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weeping. It was his practice to write his sermons twice over, "and in a fair long hand." His utterance was free and clear; his memory very tenacious, and never known to fail him. He was particularly watchful over the members of his church; very attentive, and full of consolation to the sick; and careful to prevent and check any disorders or irregularities among the people of his charge. He used his influence to have such persons allowed to keep places of public entertainment, as would maintain good regulations and correct manners in their houses. And when he saw from his study window, "any town dwellers tippling at the tavern, he would go over and chide them away." While young, and afterwards, he devoted some portion of his time to astronomical pursuits, and published almanacks for several years. Those from 1646 to 1649, inclusive, I have seen, and some of them are valuable for the chronological tables at the end. These tables were consulted and cited by Mr. Prince in his NewEngland Chronology. Mr. Danforth published an account of the comet which appeared in 1664, with a brief theological application. He contends that a comet is a heavenly body, moving according to defined laws, and that its appearance is portentous. His other publications are, the Election sermon in 1670, entitled a recognition of New-England's errand into the wilderness, from Matt. xi. 7--9, 4to. pp. 24; and the Cry of Sodom inquired into, upon occasion of the arraignment and condemnation of Benjamin Goad, for his prodigious villany, 4to pp. 30, 1674. Several specimens of his poetry are found in his almanacks. They appear to be more tuneful than the verses of some of his contemporaries. One of his sons wrote poetry, and several, in the collateral branches of the family, appear to have been similarly gifted.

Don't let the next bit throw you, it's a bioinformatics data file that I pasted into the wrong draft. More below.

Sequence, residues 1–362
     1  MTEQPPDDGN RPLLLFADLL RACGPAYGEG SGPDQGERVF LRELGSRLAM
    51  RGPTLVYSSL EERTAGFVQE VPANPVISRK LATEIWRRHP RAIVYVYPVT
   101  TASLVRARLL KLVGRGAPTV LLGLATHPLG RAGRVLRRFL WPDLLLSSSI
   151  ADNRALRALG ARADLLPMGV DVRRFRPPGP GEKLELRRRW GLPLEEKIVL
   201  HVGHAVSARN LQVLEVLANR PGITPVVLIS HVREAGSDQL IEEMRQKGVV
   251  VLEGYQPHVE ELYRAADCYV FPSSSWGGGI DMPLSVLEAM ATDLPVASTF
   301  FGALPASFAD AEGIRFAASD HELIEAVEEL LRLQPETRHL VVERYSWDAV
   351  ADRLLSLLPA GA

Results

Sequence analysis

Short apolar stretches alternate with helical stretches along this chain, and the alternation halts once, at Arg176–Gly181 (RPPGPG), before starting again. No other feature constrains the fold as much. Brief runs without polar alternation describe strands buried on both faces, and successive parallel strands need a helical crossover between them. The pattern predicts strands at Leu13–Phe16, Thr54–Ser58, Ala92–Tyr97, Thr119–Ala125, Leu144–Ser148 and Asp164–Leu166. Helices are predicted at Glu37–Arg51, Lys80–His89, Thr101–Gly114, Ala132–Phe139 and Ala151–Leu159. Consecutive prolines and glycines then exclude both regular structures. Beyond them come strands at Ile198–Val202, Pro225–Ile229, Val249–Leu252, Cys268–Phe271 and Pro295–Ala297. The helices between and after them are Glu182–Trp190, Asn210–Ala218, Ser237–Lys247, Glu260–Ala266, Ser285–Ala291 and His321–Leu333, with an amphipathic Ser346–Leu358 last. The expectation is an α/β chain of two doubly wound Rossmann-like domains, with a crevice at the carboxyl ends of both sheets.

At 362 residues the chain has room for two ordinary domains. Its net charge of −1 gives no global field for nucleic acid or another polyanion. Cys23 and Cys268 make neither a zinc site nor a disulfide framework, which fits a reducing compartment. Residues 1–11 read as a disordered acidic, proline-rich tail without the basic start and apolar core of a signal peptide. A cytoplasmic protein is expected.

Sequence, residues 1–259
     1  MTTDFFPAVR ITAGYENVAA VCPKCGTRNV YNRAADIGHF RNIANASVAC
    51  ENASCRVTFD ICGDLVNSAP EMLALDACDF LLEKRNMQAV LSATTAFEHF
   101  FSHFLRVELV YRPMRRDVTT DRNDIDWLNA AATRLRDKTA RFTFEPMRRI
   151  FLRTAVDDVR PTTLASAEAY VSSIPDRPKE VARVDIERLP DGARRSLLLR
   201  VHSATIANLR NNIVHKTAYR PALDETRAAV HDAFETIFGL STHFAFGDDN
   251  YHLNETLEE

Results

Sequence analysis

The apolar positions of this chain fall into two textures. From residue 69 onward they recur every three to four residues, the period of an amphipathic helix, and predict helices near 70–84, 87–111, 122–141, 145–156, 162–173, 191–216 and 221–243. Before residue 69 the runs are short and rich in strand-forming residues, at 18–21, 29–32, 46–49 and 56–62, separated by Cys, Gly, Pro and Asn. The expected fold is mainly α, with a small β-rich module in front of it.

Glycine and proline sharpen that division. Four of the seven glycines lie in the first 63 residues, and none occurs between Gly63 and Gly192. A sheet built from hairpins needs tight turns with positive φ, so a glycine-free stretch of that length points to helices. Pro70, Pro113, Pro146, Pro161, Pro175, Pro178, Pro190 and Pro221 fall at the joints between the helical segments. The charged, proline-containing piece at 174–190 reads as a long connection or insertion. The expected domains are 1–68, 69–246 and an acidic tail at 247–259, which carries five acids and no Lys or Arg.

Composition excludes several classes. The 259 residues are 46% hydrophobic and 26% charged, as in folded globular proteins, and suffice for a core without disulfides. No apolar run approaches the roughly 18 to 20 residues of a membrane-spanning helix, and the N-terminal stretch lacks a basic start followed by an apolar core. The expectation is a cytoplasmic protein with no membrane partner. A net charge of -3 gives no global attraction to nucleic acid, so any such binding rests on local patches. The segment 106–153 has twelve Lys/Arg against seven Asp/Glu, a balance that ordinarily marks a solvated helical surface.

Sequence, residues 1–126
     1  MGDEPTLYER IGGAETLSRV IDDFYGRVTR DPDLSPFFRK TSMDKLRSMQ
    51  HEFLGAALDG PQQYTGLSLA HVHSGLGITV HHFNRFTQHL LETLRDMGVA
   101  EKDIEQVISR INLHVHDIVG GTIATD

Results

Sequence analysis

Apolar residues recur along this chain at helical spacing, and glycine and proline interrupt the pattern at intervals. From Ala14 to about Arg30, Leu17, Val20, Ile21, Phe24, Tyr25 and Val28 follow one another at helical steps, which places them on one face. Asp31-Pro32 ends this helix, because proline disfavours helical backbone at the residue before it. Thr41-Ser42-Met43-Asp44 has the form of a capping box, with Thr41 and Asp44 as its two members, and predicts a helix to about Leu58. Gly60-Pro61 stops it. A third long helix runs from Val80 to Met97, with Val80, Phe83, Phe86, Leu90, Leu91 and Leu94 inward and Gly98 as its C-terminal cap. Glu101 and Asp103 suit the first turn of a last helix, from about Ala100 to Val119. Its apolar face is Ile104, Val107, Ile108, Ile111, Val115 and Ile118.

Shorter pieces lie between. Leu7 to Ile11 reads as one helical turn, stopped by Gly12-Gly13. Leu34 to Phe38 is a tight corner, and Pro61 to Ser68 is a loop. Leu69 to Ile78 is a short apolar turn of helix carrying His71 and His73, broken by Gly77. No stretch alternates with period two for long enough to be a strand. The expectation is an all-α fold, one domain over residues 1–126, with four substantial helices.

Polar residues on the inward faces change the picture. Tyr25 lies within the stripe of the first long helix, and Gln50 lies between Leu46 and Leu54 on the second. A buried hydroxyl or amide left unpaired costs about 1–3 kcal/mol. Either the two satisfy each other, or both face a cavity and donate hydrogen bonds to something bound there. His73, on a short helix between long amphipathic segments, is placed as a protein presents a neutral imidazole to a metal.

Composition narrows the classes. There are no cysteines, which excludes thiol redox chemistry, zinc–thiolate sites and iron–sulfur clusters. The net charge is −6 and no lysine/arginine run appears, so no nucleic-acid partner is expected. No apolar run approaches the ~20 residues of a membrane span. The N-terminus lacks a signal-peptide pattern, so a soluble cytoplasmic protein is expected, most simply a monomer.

(1) Mr. Danforth died of a fever of six days continuance, on the 19 November, 1674, aged 48 years. Such was his peace in his departure, that Mr. Eliot his colleague, used to say, "my brother

(1) The following, presumed to be a specimen of Rev. Samuel Danforth's Poetry, is copied from his Almanack for 1648.

"Awake yee westerne Nymphs, arise and sing :
And with fresh tunes salute your welcome spring.
Behold a choyce, a rare and pleasant plant,
Which nothing but its parallell doth want.
"Twas but a tender slip a while agoe,
About twice ten years or a little moe,
But now 'tis grown unto such comely state,
That one would think't an Olive tree or Date.
A skilfull Husbandman he was who brought
This matchless plant from far, and here hath sought
A place to set it in and for it's sake,
The wildernes a pleasant land doth make.
And with a tender care it setts and dresses,
Digs round about it, waters, dungs and blesses.
And, that it may fruit forth in season bring,
Doth lop and cut, and prune it every spring.
Bright Phoebus casts his silver sparkling ray,
Upon this thriving plant both night and day.
And with a pleasant aspect smiles upon
The tender buds and blooms that hang thereon.
The lofty skyes their christall drops bestow;
Which cause the plant to flourish and to grow.